August 05, 2009,
K.M. asks from Los Gatos, CA on August 04, 2009
Seeking Advice How to Wean Toddler from Rocking to Sleep?
I'm looking for ideas on how to wean my toddler from rocking her to sleep for naps and night time. I know I have let this gone too long, I usually sit with her on the rocking chair while she lays on my lap then after about 3-5 mins she is sound asleep. I can't do it anymore mainly because I had surgery a couple of months ago and I'm also 7 months pregnant. She is on the light weight side but I still want to be able for her to fall or go to sleep on her own (she sleeps in her bed not crib). Other than CIO (which wouldn't work since she can open the door herself) or laying on the bed with her (the bed makes a lot of noise when I get up...) I don't know what else to try?
1 mom found this helpful
A.H. answers from San Francisco on August 05, 2009
I still rock my 2 year old to sleep, we talk and sing sweet songs and remember the day together. I beleive it to be the most wonderful part of having a child. Is there something wrong with it? It feels right.
B.H. answers from Bakersfield on August 05, 2009
If the rocking chair is in her room I recommend laying her down in her bed while you sit in the chair. That way your there with her, but not holding her. Sometimes it's just being there that counts. Good luck. :)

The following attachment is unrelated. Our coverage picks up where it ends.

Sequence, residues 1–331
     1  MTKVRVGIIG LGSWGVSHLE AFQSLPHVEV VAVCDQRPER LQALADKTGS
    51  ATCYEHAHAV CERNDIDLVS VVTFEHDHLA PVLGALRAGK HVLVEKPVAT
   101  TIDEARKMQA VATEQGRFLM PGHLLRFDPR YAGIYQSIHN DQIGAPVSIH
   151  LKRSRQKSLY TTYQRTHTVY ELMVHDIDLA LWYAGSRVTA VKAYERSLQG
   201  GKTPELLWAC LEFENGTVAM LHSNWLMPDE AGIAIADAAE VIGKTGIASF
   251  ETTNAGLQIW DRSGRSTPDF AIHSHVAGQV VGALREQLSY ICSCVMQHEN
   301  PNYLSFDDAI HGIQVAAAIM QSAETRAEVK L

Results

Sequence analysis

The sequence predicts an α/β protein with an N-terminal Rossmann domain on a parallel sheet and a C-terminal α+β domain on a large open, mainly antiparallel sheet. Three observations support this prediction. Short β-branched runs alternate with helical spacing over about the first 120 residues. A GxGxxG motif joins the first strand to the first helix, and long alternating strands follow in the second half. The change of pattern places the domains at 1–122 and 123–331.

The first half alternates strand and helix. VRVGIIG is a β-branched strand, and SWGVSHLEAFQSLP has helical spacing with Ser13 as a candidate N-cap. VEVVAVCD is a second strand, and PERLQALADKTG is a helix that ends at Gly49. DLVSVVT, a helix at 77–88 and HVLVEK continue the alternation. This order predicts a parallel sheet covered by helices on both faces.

N.P. answers from Modesto on August 05, 2009
I was a "rocker mom" myself....and loved every minute of it until I realized it was going on too long, and I need to change our routine :o)
I continued rocking and TALKING to my son (quietly) so he wouldn't fall asleep so fast :O) I rocked for a little bit until I could feel his body "relaxed". Then I put him in his bed and ACTED like I was gong to get in with him. Then I would say, "oh shoot! Mommy forgot the close the refridgerator, I'll be right back". I did this about 10 times the first 2 nights, then layed down with him if he wasn't asleep. I made sure to come RIGHT back the first few times in order to gain his "trust". But after the first 2-3 nights, I took a little longer to come back. Then a few nights later, a little bit longer....until eventually he fell asleep waiting for me :o) I had to come with all sorts of "little white lies".....rotating laundry, forgot to feed the dog, I forgot to clean the favorite sippy cup, whatever I could think of :O)
I don't know if you want to be a "sneaky mom", but tricks like that STILL keep the Peace in my home :o)
E.M. answers from San Francisco on August 05, 2009